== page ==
Cultural Mapping unlocks Ngāi Tahu history

From left: Khyla Russell, Hinerangi Ferrall-Heath, Kyle Davis, Helen Brown, David Higgins, Takerei Norton and Matapura Ellison at a Cultural Mapping wānanga.

From left: Khyla Russell, Hinerangi Ferrall-Heath, Kyle Davis, Helen Brown, David Higgins, Takerei Norton and Matapura Ellison at a Cultural Mapping wānanga.

Eight years into the Ngāi Tahu Cultural Mapping project, over 5,000 Māori place names have been recorded and Te Rūnanga o Ngāi Tahu Archives Manager Takerei Norton hopes to have a public website up and running by the end of 2016.

“Initiated to record Ngāi Tahu history on a tribal platform for Ngāi Tahu whānui, it’s a unique and innovative programme that emphasises the importance of our history and making sure our people have greater access to it,” says Takerei.

He says it is a vital resource for the tribe – one that has never been created before – and he believes it will become a model for other iwi and indigenous people throughout the world.

Takerei says there is on-going demand from both within the iwi and from the wider public, for information about local Māori history and he says the Cultural Mapping project will go a long way towards addressing that.

The mapping project grew out of work undertaken by Kaupapa Taiao, the former Ngāi Tahu environmental unit, in the early 2000s to protect Ngāi Tahu values on high country stations through Tenure Review.

“We began mapping cultural values to give us a greater guidance on where our cultural values are in order to give us a greater chance of protecting them.

“But the real genesis of the project goes back even further, to the 1980s pre-Settlement days, when a huge amount of information was collated by our people and the Ngāi Tahu Māori Trust Board to be used for the Waitangi Tribunal hearings into the Claim.”

Helen Brown and Paulette Tamati-Elliffe at a Cultural Mapping wānanga at Puketeraki.

Helen Brown and Paulette Tamati-Elliffe at a Cultural Mapping wānanga at Puketeraki.

He says that this huge resource is really the foundation of the Cultural Mapping Project.

“We owe a huge debt to people like Trevor Howse, Jane Davis, Edward Ellison, Tipene O’Regan and all the others. They have created an extraordinary resource and we’re honoured to be building on that.”

The Ngāi Tahu Cultural Mapping Project uses the latest Geographical Information System (GIS) technology to record, map and transmit traditional Ngāi Tahu knowledge. With the aid of GIS technology, the stories and place names that record Ngāi Tahu history in Te Waipounamu are being mapped onto a virtual landscape for future generations.

GIS integrates computer technology for capturing, managing, analysing and displaying all forms of geographically referenced information. It allows the user to view, understand, question, interpret and visualise data in many ways that reveal relationships, patterns and trends in a variety of mediums.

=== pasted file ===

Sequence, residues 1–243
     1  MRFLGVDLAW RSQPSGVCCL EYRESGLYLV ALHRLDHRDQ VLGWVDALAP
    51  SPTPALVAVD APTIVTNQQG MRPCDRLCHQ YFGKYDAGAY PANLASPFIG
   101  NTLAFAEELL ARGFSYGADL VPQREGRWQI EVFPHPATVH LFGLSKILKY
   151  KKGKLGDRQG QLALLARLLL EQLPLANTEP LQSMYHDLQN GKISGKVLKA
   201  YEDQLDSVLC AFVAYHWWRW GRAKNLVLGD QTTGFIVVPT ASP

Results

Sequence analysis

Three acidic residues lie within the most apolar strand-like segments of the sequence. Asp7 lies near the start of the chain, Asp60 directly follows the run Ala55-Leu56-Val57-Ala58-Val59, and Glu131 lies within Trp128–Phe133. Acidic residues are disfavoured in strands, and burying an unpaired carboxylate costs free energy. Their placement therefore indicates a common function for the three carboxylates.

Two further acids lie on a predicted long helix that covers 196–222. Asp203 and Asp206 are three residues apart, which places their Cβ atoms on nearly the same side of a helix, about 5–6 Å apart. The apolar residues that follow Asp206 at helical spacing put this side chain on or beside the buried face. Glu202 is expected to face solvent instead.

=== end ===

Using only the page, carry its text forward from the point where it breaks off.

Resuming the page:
Ngāi Tahu place names, traditional travel routes, Māori reserved land and other areas of cultural significance are examples of the knowledge that is being recorded. In essence the GIS tool is where relationships can be analysed and then visualised in the form of maps. The system allows layers of information to be laid over the land, bringing the information to life and giving it greater context.

Ngāi Tahu Archives Manager Takerei Norton presents the Cultural Mapping project at Ngāi Tahu Hui-ā-Iwi in Dunedin in November.

Ngāi Tahu Archives Manager Takerei Norton presents the Cultural Mapping project at Ngāi Tahu Hui-ā-Iwi in Dunedin in November.

In conjunction with the mapping of cultural values is the development of a reference-based system guided by kaumātua and marae representatives to ensure the authenticity and integrity of information.

Although the GIS technology is critical to the project, the heart of the work is carried out in the field, visiting sites and collecting the histories of Ngāi Tahu.

Sometimes cultural sites have been incorrectly mapped, but by using mobile GIS devices in the field to record the knowledge of local people, the locations of these cultural sites can often be corrected.

“We’ve been holding wānanga with our people throughout the takiwā. We’ve been bringing information that we’ve gathered and so to have whānau and mapping it all together. You just couldn’t do this work back in the office without local knowledge. I think of places like Murihiku, where local fishermen have been able to help us locate old fishing markers and rocks that we have old place names for.”

Takerei says the Cultural Mapping project is going to help to bring Ngāi Tahu history to life.

“It’s going to bring all of our knowledge associated with Māori place names into one place in a manner that is engaging and interesting. It will be an exciting resource for Ngāi Tahu here and abroad, who want to learn more about their own history; and once our public website is up and running, it will be a valuable source of information for everyone.”